As the marketing for FIFA ramps up, EA rented out a skybox at the Allianz stadium for one more event.
MCV took the opportunity to speak to Garreth Reeder, Producer on FIFA 13 about the under-the-hood aspects of developing the yearly franchise.
You joined FIFA two years ago, coming from over six years in other EA Sports games. What was it like jumping into the franchise at that late stage?
When I came in at the beginning of FIFA 12, FIFA 11 was a huge game and a huge success. There was me and a few other people that came in. We saw that success, but we also saw a lot of room for improvement with features, content etc, and saw 12 as the first all-encompassing game which had the gameplay and all the online features, and was just starting to get that real-world connection with live updates for challenges and scenarios. This year, everything’s just at that next level.
But for me, coming into FIFA, what was great was that they really pioneered a lot of the things you see in big games now in terms of having a dedicated team to manage live issues as they’re happening in the real world, managing the community feedback, and there’s a separate group which is just looking at the FIFA servers and maintaining that all the time. Meanwhile, there’s another group which is just doing the data collection on the players, who’s in form, who’s out of form etc.
How has game development in general changed since you started working on making them?
In the past, when I started making games, you’d have your producers and your engineers and your artists and you’d make a game and then be done, then make another game and be done. Now it’s more like a service model; you’ve got groups that work on FIFA that didn’t have anything to do with the code that’s on the disk – they’re just making sure that the content and the quality is dynamic and is meeting expectations, that things that are happening in the real world are affecting the game properly.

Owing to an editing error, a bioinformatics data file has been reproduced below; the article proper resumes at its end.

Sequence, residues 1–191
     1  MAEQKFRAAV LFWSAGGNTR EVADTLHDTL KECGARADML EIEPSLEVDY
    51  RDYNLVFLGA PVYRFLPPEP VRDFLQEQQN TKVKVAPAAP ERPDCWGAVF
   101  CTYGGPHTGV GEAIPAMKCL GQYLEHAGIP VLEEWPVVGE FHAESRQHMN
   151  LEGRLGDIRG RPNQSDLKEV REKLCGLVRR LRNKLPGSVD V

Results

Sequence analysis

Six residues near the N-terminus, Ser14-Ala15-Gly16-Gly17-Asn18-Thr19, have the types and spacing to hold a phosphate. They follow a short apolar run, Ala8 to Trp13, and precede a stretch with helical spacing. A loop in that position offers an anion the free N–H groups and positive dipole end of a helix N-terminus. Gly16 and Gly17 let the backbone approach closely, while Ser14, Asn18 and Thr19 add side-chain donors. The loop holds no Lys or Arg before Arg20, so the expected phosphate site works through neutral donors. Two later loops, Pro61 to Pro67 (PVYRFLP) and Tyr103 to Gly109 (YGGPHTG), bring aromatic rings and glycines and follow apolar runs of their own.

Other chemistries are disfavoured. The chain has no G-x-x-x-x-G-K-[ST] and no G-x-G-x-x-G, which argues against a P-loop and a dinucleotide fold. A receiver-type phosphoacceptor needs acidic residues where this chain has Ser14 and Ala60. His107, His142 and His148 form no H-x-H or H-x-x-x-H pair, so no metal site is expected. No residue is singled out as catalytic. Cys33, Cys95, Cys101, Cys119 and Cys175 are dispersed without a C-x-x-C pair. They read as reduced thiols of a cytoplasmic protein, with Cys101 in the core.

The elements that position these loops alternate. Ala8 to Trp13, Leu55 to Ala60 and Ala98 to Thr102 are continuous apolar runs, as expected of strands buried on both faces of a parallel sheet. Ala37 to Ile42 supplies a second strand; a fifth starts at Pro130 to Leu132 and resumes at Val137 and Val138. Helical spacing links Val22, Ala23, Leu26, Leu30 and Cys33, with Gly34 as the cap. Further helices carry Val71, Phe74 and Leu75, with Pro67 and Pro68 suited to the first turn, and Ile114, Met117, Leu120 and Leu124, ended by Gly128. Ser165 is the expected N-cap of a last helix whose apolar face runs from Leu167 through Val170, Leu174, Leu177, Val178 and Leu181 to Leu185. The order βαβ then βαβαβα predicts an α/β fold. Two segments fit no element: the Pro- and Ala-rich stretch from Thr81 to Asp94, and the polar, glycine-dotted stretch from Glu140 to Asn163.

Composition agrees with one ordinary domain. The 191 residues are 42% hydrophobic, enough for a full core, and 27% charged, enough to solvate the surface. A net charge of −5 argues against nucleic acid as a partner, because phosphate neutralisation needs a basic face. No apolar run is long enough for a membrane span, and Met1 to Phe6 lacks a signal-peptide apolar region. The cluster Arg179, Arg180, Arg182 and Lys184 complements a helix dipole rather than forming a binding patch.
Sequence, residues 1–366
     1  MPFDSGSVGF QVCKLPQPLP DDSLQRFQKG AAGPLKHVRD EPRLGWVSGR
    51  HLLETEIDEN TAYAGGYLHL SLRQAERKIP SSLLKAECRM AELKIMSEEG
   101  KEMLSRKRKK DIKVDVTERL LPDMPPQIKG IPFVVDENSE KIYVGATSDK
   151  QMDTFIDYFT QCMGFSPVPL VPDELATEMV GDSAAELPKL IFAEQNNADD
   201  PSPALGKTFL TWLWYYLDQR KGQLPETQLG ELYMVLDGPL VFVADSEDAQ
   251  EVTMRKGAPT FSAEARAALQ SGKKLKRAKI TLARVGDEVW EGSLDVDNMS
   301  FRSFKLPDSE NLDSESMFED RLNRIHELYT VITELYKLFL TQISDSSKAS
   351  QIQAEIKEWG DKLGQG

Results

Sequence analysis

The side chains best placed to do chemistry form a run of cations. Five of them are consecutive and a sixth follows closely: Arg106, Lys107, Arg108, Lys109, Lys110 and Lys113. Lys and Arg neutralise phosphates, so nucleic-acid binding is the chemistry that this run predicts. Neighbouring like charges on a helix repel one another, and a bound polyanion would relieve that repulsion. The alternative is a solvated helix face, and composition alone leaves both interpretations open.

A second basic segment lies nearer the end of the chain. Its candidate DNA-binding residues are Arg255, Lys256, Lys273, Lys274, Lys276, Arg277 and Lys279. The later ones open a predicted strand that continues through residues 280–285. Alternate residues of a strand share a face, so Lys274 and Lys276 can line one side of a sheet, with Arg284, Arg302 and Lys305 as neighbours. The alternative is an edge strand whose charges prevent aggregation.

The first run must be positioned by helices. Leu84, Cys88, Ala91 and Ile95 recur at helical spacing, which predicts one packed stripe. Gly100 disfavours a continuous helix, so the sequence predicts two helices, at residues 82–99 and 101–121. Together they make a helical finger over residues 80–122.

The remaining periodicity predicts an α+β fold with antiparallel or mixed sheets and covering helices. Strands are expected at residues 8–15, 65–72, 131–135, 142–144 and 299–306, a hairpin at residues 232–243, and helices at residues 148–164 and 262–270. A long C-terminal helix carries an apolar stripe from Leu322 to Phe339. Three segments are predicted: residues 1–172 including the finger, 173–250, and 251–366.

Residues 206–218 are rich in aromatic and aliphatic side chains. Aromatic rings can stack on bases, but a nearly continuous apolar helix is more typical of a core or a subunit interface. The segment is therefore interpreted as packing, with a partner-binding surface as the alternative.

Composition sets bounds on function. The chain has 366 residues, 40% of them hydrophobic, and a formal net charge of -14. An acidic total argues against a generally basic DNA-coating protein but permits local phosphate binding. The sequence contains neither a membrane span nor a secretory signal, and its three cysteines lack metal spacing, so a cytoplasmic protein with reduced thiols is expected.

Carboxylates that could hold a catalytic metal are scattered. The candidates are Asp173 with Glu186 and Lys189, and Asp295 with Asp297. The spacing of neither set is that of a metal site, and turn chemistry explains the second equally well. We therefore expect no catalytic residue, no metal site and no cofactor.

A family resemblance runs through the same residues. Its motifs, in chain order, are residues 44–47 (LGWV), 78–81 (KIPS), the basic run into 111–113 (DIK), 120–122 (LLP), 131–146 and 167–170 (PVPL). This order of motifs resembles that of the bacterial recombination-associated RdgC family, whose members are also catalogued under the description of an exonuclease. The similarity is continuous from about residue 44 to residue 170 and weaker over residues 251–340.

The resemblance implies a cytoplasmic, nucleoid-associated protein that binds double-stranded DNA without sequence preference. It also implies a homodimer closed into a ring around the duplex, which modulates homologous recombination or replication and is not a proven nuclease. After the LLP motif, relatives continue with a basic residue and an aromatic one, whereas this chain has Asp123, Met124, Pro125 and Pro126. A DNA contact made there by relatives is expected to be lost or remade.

So it’s this whole enterprise of groups and people that are making FIFA what it is year-on-year.
Does it seem antiquated, the way things used to be done?
The games I’ve been on before FIFA didn’t have all these different teams, we were just sort of learning by trial and error almost. Leadership within FIFA, if they feel like we should have an experienced person that understands a certain aspect or a certain role, we bring those people in.
We were the first to pioneer getting business analytics people to come in and look at player data.
Has social media shaped the way you use data?
We always had an understanding through our marketing departments of social media, who’s out there and how they’re responding. But now, we’ve got more data on who’s out there, what they like to play, when people buy more items, what stages of the year are more important and when we do special offers and how people are responding to those.
It’s sort of just maturing our industry from being game designers and artists and programmers into that plus analysts, server people, and just generally having more knowledge about how the game is consumed by people, and how we can do it better.
Do you think a franchise which didn’t have that year-on-year guaranteed fan base could’ve pioneered these analytics, or was that a necessary prerequisite?
I think Battlefield gets into that as well in terms of their user base and needing to respond to issues and changes all the way through the year. Any time you’re dealing with a game which migh t have DLC or expansion packs down the road, you need to put a lot of thought into what people want, how they’re using the game, what we need to focus on.
So we started doing a lot of stuff, then other teams within EA started asking us how we were doing it, who we were working with etc.
Within EA Sports or EA Games?
Both. So definitely with the Mass Effect and Battlefield teams, we’re all talking to each other about what makes sense, what’s working or not, and definitely on a sports level as well. Over the years that I’ve worked there, there’s grown a lot more cross-pollination between games and between franchises than I’ve ever seen before.
Thank you for your time.
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